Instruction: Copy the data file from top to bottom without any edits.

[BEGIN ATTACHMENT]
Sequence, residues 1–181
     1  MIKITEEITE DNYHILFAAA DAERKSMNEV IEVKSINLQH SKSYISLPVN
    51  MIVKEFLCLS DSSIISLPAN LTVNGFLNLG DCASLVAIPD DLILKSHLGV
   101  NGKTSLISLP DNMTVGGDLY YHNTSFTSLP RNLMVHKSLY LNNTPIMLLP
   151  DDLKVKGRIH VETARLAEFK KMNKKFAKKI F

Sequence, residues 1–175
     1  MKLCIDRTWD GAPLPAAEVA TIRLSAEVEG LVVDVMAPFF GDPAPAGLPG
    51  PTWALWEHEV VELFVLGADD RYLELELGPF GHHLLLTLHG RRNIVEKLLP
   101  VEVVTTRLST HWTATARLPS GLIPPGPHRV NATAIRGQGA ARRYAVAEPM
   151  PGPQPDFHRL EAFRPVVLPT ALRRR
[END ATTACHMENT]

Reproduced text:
Sequence, residues 1–181
     1  MIKITEEITE DNYHILFAAA DAERKSMNEV IEVKSINLQH SKSYISLPVN
    51  MIVKEFLCLS DSSIISLPAN LTVNGFLNLG DCASLVAIPD DLILKSHLGV
   101  NGKTSLISLP DNMTVGGDLY YHNTSFTSLP RNLMVHKSLY LNNTPIMLLP
   151  DDLKVKGRIH VETARLAEFK KMNKKFAKKI F

Sequence, residues 1–175
     1  MKLCIDRTWD GAPLPAAEVA TIRLSAEVEG LVVDVMAPFF GDPAPAGLPG
    51  PTWALWEHEV VELFVLGADD RYLELELGPF GHHLLLTLHG RRNIVEKLLP
   101  VEVVTTRLST HWTATARLPS GLIPPGPHRV NATAIRGQGA ARRYAVAEPM
   151  PGPQPDFHRL EAFRPVVLPT ALRRR